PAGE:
Figure 3: Panel a: the light curve obtained near Arica during the occultation of P126 by Pluto (20 July 2002). The continuous curve superimposed to the data is a smoothed version of the light curve obtained in 1988, showing a discontinuity in slope, or "knee", absent in the 2002 data. Panel b: the light curve of 21 August 2002 observed at CFHT during the occultation of P131.1. The continuous curve represents again the 1988 data. Panel c: a vertically stretched version of Panel b, showing the "spikes", labelled S. the spikes are caused by small temperature fluctuations in Pluto's atmosphere. Note also the small but steady decrease of signal at the bottom of the light curve, probably betraying temperature contrasts between the polar and equatorial regions of Pluto.
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Figure 4: Panel a: the temperature profiles of Pluto's atmosphere derived from the P131.1 CFHT light curve. The horizontal axis represents the temperature in Kelvin, and the vertical axis represents the radius in km, that is the distance to Pluto's center. Note the sudden drop of temperature (inversion layer) at the bottom of the profile. This inversion is caused by the cold surface of Pluto which forces the atmosphere to cool down as it gets closer and closer to the surface. The radius of the latter is not known presently, but should be close to 1160 km. Panel b: the temperature gradients profiles, showing the small temperature fluctuations responsible for the spikes shown in Fig. 3. Panel c: Pluto's atmospheric pressure profiles in 2002 (right) and 1988 (left). The horizontal axis is a logarithmic pressure scale, showing that the pressure increased at all levels by a factor of more than two between 1988 and 2002.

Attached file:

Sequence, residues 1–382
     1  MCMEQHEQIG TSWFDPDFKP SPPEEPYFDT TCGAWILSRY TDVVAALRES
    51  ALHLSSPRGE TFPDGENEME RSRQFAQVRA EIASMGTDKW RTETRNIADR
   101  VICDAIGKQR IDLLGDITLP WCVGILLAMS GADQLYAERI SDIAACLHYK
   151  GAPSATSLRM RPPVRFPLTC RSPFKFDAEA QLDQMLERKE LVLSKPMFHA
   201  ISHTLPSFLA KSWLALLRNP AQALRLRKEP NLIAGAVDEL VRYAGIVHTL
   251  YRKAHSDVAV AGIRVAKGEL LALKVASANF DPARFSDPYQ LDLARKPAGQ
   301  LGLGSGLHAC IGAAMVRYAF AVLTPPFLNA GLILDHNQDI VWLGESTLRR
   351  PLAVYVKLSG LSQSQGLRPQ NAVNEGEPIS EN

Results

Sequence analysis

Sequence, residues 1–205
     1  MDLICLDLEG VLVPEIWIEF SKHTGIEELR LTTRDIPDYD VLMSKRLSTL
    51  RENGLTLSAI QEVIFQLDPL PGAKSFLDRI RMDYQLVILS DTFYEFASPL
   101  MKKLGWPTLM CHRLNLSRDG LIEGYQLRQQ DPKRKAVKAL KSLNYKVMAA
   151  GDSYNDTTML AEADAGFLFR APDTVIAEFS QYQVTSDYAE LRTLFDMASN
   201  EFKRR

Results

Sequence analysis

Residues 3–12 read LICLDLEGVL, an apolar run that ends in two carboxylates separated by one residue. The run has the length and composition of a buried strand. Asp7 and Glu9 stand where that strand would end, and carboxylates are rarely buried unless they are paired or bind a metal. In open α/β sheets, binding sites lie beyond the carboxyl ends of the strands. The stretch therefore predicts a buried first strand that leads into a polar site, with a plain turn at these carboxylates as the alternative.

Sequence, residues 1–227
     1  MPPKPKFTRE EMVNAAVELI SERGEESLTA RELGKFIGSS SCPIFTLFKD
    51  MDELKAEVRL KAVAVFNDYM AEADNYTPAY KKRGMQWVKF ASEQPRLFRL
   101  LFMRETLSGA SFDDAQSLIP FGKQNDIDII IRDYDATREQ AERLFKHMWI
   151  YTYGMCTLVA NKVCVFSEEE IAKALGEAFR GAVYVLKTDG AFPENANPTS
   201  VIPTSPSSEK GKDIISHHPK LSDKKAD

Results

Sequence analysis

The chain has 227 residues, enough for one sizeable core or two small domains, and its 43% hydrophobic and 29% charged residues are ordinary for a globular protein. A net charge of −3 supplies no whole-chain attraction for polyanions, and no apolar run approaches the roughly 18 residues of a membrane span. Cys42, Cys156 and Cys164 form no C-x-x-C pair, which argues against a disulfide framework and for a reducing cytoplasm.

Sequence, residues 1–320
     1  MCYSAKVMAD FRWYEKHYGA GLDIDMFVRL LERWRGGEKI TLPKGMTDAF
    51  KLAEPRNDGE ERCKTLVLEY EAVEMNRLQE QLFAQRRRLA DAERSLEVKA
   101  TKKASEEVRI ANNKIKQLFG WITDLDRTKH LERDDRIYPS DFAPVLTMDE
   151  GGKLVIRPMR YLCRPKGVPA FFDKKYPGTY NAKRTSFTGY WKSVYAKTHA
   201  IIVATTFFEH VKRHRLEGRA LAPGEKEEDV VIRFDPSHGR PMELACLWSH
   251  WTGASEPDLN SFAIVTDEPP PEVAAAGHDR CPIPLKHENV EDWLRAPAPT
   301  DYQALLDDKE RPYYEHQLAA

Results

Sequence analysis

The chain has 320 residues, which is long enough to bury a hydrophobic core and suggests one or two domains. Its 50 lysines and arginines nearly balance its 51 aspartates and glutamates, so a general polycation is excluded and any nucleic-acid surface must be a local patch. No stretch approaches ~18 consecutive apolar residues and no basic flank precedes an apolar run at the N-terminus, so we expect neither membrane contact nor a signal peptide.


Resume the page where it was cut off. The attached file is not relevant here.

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Further analysis of the data reveals that the pressure in Pluto's atmosphere more than doubled between 1988 and 2002. One might naively expect an overall collapse of the atmosphere: the gases should freeze onto the surface as the planet moves farther from the Sun and cools.